How Do You Treat Eczema

General Health

How Do You Treat Eczema

Read on for treatment options and how you can care for your skin so your eczema doesn’t get worse.


Eczema causes your skin to be extremely dry and itchy. This skin condition is a result of the inflammation within your epidermis which affects its natural moisturizing properties. If you have eczema, then it is likely that your skin appears cracked, reddish, and may occasionally develop blisters in severe cases. Scratching your skin may only make matters worse since this can lead to infection.

Who are at risk?

Eczema is more common in newborns, particularly during the first two years of life. Studies show that about 15% of kids have eczema and often grow out of it after the age of three. Those who develop eczema beyond three years of age often have more persistent cases of the disease but eventually outgrows the condition by the time they grow older. Eczema also affects a small percentage of adults and is usually chronic.

Treatment options

Your dermatologist may prescribe a combination of topical treatments for your eczema called emollients which vary based on their ingredients and lipid content:

  • Lotions – contains the most water which replenishes and hydrates. Mainly used to treat wet areas of skin and is less suitable for very dry skin.
  • Ointments – creates a thick protective film for your skin to prevent it from drying out. May irritate some skin types since it takes longer for the product to be absorbed.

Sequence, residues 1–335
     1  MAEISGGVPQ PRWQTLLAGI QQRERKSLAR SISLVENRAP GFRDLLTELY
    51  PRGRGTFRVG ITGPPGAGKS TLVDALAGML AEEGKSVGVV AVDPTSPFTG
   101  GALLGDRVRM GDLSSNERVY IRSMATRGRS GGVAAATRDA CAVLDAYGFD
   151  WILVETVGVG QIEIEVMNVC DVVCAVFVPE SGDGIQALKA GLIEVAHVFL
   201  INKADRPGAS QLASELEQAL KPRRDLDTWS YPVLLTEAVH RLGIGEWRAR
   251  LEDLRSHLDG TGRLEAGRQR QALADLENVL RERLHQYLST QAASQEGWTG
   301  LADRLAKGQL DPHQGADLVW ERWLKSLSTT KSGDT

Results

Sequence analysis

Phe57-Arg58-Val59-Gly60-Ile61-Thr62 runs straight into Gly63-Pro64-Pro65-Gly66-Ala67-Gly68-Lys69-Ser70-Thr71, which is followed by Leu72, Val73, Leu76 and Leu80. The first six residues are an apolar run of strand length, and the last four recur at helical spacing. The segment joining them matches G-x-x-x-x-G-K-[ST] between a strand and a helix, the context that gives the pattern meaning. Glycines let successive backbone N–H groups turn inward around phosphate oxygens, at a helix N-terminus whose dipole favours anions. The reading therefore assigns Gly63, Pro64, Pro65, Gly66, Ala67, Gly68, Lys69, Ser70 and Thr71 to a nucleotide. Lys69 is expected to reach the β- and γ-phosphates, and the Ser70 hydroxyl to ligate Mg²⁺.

• Creams – has more water content compared to ointments and is easier to apply.

Other options include special soaps, shampoos, steroid creams for more acute symptoms. It’s important that you consult a doctor first before you apply or take any form of medication to avoid further complications. Make sure that you check the ingredients of a product to see if there are any substances which may cause possible allergic reactions.

Prevention, after care

Taking warm baths or short 5-10 minute showers are recommended. Don’t forget to apply your medications right after to seal in the moisture. Avoid long hot showers and gently pat your skin dry to avoid further damage. There are a variety of other products available which claim to help alleviate the symptoms of eczema but there are currently no available studies that prove the additional effects of these products on top of applying your prescribed topical creams. Another option is applying wet wraps on the affected parts of your skin to restore moisture. On the subject of clothing, certain rough fabrics like wool or low-quality linen may also worsen your eczema so opt for loose clothing made out of cotton.

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